Overall, scholars of English’s history are less resistant to than uninterested in the impact of Celtic. The reason, one senses, is that charting how Celtic languages shaped English does not involve using the tool kit they are accustomed to. These scholars are trained to examine aspects of English grammar that really did emerge by themselves and were never thought of as “bad” or “peculiar,” and thus were committed to the page not long after they got going.
Going is, in fact, a good example, in the going to future marker, English’s alternate to good old will. This is the kind of thing English specialists love to sink their teeth into. In Old English, there was no such thing as using the word for go to put a verb in the future as in I’m going to think about that. Go was about going somewhere and that was that. Even as late as Shakespeare, at the end of the 1500s, go still meant go. In Two Gentlemen of Verona, the Duke asks Valentine, “Sir Valentine, whither away so fast?” and he answers, “Please it your Grace, there is a messenger that stays to bear my letters to my friends, and I am going to deliver them (III, I, 54-57).” Valentine means that he is literally going in order to deliver the letters.
However, if you are going in order to do something, then automatically what you are going in order to do will actually occur in the future. As such, Valentine’s statement could be taken as meaning that his delivery of the letters will occur in the future—that is, that he will deliver the letters. Because of that ever-looming implication of futurity whenever one said going to, after a while going to started to actually mean the future rather than actual going.
It is about fifty years after Two Gentlemen that Charles I, amid the crisis that would soon cost him his head, rallied the gentry of Yorkshire saying, “You see that My Magazine is going to be taken from Me.” (Poor Charles, for the record, was not complaining that he was to be deprived of his Sports Illustrated; by magazine he meant “arms depot,” more pertinent to his situation.) This was a usage of going to that was not literal—the arms depot could go nowhere. Going to here had become a future marker like will, and wouldn’t you know, around the same time in 1646, a grammarian popped in specifying that now “ ‘going to’ is the signe of the Participle of the future.”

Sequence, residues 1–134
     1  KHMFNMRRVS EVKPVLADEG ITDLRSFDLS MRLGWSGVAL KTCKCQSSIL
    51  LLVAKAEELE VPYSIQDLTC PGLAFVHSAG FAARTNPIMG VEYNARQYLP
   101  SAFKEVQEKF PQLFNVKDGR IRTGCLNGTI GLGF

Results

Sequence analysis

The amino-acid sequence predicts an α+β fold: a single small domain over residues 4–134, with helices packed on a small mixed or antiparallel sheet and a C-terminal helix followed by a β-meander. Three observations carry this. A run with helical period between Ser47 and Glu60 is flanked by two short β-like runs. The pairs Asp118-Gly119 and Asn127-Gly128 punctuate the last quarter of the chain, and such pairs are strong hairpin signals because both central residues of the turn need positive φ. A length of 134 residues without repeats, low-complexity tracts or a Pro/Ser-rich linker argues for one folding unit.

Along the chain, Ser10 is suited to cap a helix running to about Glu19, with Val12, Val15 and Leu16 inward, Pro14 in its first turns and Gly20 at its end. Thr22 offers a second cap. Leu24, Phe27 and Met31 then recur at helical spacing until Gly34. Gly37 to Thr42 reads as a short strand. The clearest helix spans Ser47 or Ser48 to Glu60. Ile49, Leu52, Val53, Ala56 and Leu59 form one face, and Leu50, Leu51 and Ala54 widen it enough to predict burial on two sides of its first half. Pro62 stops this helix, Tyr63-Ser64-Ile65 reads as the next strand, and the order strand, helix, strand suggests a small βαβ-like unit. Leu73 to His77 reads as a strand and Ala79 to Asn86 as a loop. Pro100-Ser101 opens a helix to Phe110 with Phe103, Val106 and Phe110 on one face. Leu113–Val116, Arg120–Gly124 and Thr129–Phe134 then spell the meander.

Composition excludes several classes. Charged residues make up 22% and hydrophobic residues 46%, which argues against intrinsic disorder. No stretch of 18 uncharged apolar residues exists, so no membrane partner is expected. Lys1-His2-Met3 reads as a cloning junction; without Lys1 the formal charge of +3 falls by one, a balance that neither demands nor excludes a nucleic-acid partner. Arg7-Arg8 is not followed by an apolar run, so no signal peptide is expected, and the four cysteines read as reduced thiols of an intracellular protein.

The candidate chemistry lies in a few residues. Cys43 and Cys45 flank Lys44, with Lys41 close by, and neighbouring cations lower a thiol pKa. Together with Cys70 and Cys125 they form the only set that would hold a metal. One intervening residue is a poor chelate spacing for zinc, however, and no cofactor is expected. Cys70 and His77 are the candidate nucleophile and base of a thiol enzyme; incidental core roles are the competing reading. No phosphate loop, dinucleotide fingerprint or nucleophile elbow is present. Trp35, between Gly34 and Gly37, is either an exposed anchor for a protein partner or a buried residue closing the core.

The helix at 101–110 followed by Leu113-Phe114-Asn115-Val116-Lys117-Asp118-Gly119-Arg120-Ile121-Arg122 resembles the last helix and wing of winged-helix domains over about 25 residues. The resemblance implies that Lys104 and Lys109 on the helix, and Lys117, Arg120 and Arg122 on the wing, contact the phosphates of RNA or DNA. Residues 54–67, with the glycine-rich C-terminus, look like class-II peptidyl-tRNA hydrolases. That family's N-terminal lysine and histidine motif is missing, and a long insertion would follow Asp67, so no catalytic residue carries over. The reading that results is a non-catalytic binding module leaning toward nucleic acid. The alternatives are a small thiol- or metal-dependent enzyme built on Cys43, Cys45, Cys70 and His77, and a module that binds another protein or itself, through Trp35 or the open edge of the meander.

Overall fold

There is ample scholarly work on how going to went from referring to locomotion to becoming a future tense marker, complete with statistical analysis, tables, and so on. It’s great stuff, and it’s what a scholar of language change is trained in.
However, charting how Celtic languages impacted English involves different strategies. It requires being a different brand of linguist. Often, that brand is language contact specialist. That person has an eye on what sorts of features are common around the world and what sorts are not, is obsessed with not just one language family but with several, and has a native taste for history as well as linguistics. Such linguists are less tickled by things that sprung up in a language by themselves than by things that languages did to one another.
As such, it’s as if scholars of The History of English are engaged in a lusty game of Monopoly when adherents of the Celtic idea bust into the room asking who wants to play a game of Clue. Or, some people are building things with an Erector set and someone pops in with a little car made of Legos. To the traditional specialist on how English got from Beowulf to The Economist, drawing parallels between English and some other language is just Not What They Do, especially not at any length. That feeling is understandable, but the problem is that the language contact specialist’s analysis, in this case, squares with logic in a way that the same-old same-old analysis simply does not.